Rights groups have lambasted Myanmar over the arrest of two activists who posted content criticizing the military, known for its longstanding rule. The US State Department called for the activists' immediate release.
"It is outrageous to think that someone could face years in jail for nothing but a harmless Facebook post," said Laura Haigh, Myanmar researcher athuman rights watchdog Amnesty International.
Authorities this week arrested two activists, 25-year-old Chaw Sandi Tun and 43-year old Patrick Khum Jaa Lee, for two separate incidents regarding content deemed critical of Myanmar's military posted to Facebook.
"Myanmar's authorities have once again shown how dangerously thin-skinned and vindictive they are when it comes to criticism or ridicule. They might claim that the country has turned a corner on human rights, but this is yet another chilling reminder that the same repressive practices continue," Haigh added.
Both activists were charged under the wide-ranging Electronic Transaction Act of 2004, which prohibits electronic communications deemed "detrimental to the security of the State or prevalence of the law and order or community peace and tranquility or national economy or national culture."
Former political prisoner Aung Sang Suu Kyi's party is considered a potential winner in November's elections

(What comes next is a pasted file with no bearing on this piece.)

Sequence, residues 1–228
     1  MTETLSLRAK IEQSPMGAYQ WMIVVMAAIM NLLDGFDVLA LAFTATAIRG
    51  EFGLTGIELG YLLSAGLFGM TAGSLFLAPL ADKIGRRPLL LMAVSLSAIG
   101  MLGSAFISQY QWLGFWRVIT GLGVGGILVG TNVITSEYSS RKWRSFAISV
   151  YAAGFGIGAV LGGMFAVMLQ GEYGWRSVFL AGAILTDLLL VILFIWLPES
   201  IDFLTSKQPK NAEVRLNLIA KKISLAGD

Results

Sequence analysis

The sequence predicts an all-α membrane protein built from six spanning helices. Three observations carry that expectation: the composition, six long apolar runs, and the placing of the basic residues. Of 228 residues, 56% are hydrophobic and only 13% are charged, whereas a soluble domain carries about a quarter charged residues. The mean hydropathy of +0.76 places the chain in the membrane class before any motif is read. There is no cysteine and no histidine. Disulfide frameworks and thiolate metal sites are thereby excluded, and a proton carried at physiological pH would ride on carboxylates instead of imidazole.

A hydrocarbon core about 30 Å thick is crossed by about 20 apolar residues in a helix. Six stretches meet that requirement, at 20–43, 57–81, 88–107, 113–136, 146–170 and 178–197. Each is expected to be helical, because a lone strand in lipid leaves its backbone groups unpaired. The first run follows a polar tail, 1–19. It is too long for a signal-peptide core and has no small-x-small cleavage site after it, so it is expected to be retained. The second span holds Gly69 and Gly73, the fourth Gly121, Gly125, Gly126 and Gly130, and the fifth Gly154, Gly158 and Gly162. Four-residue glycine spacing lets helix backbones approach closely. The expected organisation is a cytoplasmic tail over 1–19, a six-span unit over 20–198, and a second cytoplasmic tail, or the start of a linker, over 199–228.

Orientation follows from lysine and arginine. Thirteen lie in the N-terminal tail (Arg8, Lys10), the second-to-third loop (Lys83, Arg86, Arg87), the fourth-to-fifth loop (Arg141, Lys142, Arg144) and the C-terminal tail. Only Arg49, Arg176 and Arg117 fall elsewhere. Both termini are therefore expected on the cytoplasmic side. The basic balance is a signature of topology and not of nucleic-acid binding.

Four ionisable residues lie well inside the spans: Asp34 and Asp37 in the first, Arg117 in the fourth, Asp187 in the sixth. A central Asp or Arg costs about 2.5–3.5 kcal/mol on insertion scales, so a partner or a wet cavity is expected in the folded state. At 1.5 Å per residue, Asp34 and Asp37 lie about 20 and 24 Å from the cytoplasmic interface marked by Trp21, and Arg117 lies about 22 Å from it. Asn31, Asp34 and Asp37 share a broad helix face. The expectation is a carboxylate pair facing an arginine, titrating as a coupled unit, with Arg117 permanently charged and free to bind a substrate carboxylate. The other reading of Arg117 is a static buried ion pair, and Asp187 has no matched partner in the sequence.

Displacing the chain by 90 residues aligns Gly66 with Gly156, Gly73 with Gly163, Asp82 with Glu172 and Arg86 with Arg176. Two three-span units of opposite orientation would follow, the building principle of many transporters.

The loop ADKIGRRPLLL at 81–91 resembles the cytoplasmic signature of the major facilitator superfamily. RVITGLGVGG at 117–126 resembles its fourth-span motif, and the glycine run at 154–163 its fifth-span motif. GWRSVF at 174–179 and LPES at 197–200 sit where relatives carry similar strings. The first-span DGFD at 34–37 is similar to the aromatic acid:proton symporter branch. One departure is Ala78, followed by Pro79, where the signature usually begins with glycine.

'Whether you like it or not'
Information Permanent Secretary Ting Swe defended the arrests, saying they were aimed at providing stability ahead of Myanmar'sfirst contested parliamentary elections slated for November 8.
"We already warned that we would charge anyone who breaks the existing Electronic Transaction Act, especially during the election period to keep the situation stable," said Information Ministry Permanent Secretary Ting Swe, according to German news agency DPA.
"People must obey all the existing laws whether you like it or not," Swe added.
General Khin Nymt announced in 2003 that the state would take measures to transition to a democracy; Myanmar has been led by a military junta for more than 50 years.
Release activists 'immediately'
US State Department Spokesperson John Kirby on Friday questioned the government's commitment to transitioning to civilian rule amid the arrests.
"The use of such laws to restrict freedom of expression directly contradicts democratic principles and the government's own stated commitment to promote political reform and respect human rights," said State Department Spokesperson John Kirby.
"Freedom of speech, including speech that discusses the military and other government institutions, is integral to a democratic society. And we call on authorities to release these individuals immediately and unconditionally," Kirby said.
ls/msh (AFP, Reuters, dpa)